Definitely looking forward to the final article in the series!
Notice that Go, compiled with the Plan 9 compilers, performs as well as Java in 7 of 11 tests and uses as much as 1/15 of its memory. All in all, not that bad.
From what I can tell, on the Language Shootout, only C, C++ and Fortran beat Java.
N.B. I think I only looked at benchmarks for x64 quad core.
Here are the results on a x64 quad: http://benchmarksgame.alioth.debian.org/u64q/benchmark.php?t...
Overall Go loses here aswell, but it does much better than in the comparison you linked, and like others have mentioned Go is still very young compared to Java.
Also, glancing at the tests where Go does really bad against Java they seem to be tests which rely much on runtime functionality, and the Java runtime/VM has had a very long time (+10 years?) in which to improve to it's current state.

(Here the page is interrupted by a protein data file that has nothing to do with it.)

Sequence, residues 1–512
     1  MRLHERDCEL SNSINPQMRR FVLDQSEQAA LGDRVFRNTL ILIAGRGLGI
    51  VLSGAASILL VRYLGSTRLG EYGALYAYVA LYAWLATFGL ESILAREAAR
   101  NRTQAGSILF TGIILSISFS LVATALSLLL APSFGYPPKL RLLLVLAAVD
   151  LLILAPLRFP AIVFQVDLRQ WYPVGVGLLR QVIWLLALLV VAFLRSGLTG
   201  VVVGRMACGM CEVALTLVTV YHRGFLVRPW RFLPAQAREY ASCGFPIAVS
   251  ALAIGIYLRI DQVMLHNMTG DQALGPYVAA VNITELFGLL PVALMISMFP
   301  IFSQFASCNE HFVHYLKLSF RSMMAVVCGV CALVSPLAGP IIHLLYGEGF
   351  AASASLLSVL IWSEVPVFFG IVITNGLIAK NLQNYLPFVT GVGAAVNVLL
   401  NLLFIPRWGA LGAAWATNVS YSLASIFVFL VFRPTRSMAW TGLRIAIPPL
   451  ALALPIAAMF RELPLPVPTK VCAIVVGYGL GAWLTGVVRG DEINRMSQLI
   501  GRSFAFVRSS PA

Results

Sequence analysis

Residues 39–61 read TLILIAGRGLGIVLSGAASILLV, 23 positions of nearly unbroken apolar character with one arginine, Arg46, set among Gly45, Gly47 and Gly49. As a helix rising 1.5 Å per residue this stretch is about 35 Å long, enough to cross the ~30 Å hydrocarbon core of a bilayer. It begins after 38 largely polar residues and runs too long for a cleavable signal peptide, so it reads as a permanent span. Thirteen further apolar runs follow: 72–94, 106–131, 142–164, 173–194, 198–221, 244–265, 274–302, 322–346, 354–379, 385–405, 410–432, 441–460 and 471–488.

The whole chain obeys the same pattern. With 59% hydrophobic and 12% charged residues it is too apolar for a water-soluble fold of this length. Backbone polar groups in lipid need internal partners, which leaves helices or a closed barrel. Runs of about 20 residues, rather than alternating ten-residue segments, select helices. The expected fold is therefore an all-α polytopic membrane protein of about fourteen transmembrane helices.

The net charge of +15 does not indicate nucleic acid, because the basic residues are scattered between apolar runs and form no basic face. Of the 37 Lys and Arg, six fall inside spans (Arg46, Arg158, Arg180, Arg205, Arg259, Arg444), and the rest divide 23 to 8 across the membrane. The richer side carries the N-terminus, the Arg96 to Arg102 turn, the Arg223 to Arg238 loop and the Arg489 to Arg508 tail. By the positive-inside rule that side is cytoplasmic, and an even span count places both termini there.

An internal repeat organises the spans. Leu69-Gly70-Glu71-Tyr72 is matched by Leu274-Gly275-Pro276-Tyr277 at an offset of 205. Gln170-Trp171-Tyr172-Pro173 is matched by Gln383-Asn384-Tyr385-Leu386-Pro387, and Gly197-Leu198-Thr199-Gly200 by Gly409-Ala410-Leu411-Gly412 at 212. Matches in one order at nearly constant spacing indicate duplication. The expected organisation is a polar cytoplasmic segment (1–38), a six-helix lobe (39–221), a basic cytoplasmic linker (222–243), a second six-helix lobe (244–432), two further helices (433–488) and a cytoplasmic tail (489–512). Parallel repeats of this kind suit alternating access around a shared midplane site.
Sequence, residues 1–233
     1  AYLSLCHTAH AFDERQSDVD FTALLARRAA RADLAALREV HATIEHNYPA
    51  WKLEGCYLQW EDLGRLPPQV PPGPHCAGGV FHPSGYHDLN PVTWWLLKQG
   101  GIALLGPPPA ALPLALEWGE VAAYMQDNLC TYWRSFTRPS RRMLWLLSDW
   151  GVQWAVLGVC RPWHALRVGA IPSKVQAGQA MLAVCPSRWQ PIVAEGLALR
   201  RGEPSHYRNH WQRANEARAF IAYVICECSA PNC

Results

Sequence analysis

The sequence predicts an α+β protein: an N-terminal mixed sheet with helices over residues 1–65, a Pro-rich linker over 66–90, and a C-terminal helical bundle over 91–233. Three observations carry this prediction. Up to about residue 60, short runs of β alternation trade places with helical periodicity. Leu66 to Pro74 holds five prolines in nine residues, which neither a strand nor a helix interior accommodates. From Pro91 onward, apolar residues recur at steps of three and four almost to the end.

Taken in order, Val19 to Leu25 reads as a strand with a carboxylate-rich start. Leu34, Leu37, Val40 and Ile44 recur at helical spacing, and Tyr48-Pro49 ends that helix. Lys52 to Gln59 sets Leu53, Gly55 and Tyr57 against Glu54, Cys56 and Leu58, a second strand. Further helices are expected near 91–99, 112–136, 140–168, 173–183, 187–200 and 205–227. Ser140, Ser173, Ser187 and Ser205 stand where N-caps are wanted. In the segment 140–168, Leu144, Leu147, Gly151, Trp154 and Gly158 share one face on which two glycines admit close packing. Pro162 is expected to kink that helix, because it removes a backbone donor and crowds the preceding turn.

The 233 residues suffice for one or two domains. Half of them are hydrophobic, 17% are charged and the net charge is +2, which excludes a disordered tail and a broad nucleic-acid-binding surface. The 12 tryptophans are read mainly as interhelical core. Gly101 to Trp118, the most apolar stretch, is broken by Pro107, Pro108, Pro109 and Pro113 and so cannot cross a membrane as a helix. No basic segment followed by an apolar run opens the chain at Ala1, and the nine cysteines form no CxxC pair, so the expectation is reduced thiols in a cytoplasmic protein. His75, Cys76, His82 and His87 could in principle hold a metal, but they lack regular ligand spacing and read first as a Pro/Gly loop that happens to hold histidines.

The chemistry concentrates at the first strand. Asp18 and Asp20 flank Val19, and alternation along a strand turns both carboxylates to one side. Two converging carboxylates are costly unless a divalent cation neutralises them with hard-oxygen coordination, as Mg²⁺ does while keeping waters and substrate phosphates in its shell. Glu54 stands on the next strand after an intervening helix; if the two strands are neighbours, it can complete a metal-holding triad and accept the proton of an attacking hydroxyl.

As for code performance, GccGo atleast seems to have the upper hand in code which doesn't rely much on the runtime functionality, but not by very much on the (admittedly few) tests I've done compared to the Go 1.1 6g compiler.
That said, AFAIK GccGo doesn't yet have the improvements made to the Go runtime in 1.1, so chances are it will beat the Go 1.1 6g compiler even in runtime reliant code once those improvements make it into GccGo.
Even so, the official 'plan9-derived' compilers have been improving greatly during their relatively short existance, and as they are the main target of optimizations/improvement aswell as being 'Go specific' they will likely end up generating faster code for Go in all scenarios.
I see GccGo mainly as a solution for platforms to which Go hasn't yet been ported (or perhaps never will), and I think it will remain as such. The main focus, and practically all the end usage will be on that of the official compiler suite.
It will be interesting to see how much more performance they can squeeze out of Go compiler optimization, GccGo has proven that there is more to be had.
I would also like to see profile guided optimization on the Go compilers, I've had cpu intensive code where GCC has given me 10%-20% better performance on PGO builds (this was not Go code, I don't know if GccGo supports PGO?).